Military HousingPrivatization Off to a Slow Start and Continued Management Attention Needed Gao ID: NSIAD-98-178 July 17, 1998
The Defense Department (DOD) is counting on privatization to remedy the poor condition of military housing, but an initiative to encourage private sector financing, ownership, and maintenance of military housing is off to a slow start. Two years have passed since the new authorities were signed into law, yet no new agreements have been finalized to build or renovate military housing. More than a dozen projects are being considered; however, only one project is close to signing. Among other concerns, GAO questions whether privatization will yield significant cost savings and cautions that the length of many proposed privatization projects--50 years--may actually increase the risk of unneeded housing or poorly maintained properties.
GAO noted that: (1) DOD considers privatization to be a powerful new tool to help address the military housing problem; (2) two years have passed since the new authorities were signed into law, yet no new agreements have been finalized to build or renovate military housing; (3) more than a dozen projects are being considered; however, only one project is close to contract signing; (4) according to DOD, progress has been slower than expected because the initiative represents a new way of doing business for both the military and the private sector; (5) many legal, financial, contractual, and budgetary scoring issues had to be resolved to the satisfaction of parties representing the government, developers, and private lenders; (6) although DOD expects implementation to speed up after the first few privatization deals are completed, it is difficult to predict how much the program can be accelerated given the unique circumstances of individual projects; (7) in addition to potential benefits, implementation of the privatization initiative raises several concerns; (8) one concern is whether privatization will result in significant cost savings; (9) to a large degree, privatization shifts funding from military housing construction, operations, and maintenance accounts to military personnel accounts to pay for increased housing allowances used to pay rent to developers of privatized housing; (10) GAO's review of the services' life-cycle cost analyses for two privatization projects disclosed that the difference in the cost of privatization and traditional military construction financing was considerably less than the services' estimates and relatively modest; (11) the privatization initiative has not been fully integrated with other elements of an overall housing strategy to meet DOD's housing needs in an optimum manner; (12) comprehensive housing referral services could lessen the need for government housing, yet only the Navy has aggressively pursued this option; (13) better coordination between the separate offices responsible for housing allowances and military housing construction and management could ensure that their decisions on housing matters are made in concert, rather than in isolation, with each other; and (14) comprehensive, better integrated plans could tie together the elements of DOD's housing program and help maximize the advantages of the privatization initiative while minimizing total housing costs.Recommendations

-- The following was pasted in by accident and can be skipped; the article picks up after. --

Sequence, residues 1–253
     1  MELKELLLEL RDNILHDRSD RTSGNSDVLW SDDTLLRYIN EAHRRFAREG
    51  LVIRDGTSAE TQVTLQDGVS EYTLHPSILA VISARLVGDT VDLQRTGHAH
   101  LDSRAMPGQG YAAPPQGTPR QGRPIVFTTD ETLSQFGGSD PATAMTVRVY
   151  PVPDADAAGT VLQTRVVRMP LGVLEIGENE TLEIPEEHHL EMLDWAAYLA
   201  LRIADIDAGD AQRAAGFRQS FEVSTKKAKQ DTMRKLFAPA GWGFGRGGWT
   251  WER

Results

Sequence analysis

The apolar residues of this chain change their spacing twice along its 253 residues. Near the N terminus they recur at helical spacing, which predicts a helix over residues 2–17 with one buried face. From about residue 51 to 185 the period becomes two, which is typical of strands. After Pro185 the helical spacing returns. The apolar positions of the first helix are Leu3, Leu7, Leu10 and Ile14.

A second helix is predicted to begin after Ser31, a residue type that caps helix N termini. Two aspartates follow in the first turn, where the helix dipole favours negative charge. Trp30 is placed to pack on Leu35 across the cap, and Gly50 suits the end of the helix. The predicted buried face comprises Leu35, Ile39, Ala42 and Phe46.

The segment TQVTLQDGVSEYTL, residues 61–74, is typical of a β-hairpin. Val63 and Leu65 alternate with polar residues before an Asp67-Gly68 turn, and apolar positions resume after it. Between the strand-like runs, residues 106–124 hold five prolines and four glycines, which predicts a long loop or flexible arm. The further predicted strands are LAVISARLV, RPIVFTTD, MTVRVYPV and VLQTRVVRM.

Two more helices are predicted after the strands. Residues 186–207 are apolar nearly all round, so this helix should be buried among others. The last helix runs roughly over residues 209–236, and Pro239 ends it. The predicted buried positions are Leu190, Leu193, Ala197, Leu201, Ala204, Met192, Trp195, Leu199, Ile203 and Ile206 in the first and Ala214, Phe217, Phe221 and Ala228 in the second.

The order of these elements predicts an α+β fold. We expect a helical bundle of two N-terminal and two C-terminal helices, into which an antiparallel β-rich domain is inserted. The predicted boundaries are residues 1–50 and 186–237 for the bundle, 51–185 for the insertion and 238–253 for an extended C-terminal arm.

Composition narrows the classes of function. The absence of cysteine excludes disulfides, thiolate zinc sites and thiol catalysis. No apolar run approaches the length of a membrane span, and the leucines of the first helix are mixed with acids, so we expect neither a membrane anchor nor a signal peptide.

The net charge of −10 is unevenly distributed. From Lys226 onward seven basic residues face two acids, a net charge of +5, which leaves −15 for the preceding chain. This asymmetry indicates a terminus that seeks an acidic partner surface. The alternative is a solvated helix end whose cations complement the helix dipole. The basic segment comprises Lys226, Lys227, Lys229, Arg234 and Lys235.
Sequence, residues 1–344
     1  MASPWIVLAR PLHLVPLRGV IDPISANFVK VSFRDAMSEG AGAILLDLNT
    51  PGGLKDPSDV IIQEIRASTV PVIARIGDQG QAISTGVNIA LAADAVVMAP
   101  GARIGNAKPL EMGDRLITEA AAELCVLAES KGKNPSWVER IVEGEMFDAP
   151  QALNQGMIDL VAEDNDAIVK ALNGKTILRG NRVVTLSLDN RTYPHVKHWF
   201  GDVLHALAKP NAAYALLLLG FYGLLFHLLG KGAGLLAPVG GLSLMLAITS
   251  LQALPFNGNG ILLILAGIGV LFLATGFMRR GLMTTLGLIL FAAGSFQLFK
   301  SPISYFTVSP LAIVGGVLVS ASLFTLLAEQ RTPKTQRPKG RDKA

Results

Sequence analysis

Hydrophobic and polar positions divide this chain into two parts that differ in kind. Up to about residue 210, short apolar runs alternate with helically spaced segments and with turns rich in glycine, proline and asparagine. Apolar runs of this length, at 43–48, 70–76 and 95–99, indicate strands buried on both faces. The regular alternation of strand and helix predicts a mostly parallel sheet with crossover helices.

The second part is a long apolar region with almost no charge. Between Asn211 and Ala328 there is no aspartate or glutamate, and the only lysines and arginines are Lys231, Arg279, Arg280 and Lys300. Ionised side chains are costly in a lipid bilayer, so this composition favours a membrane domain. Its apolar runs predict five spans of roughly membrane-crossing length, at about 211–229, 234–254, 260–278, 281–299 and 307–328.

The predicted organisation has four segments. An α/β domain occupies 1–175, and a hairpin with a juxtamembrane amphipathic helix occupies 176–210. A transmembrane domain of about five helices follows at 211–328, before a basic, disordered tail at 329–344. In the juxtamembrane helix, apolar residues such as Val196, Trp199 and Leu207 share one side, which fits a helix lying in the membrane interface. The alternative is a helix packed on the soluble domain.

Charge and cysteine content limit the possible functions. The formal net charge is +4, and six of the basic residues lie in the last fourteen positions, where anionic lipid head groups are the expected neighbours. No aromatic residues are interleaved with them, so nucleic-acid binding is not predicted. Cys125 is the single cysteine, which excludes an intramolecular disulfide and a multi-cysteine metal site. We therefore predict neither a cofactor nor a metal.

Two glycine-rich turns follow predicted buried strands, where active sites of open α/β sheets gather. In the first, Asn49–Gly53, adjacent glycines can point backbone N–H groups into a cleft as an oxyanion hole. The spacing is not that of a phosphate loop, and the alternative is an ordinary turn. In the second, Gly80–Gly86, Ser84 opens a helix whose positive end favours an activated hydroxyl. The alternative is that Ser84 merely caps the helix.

Our recommendations from this work are listed below with a Contact for more information. Status will change from "In process" to "Open," "Closed - implemented," or "Closed - not implemented" based on our follow up work.Director: Team: Phone: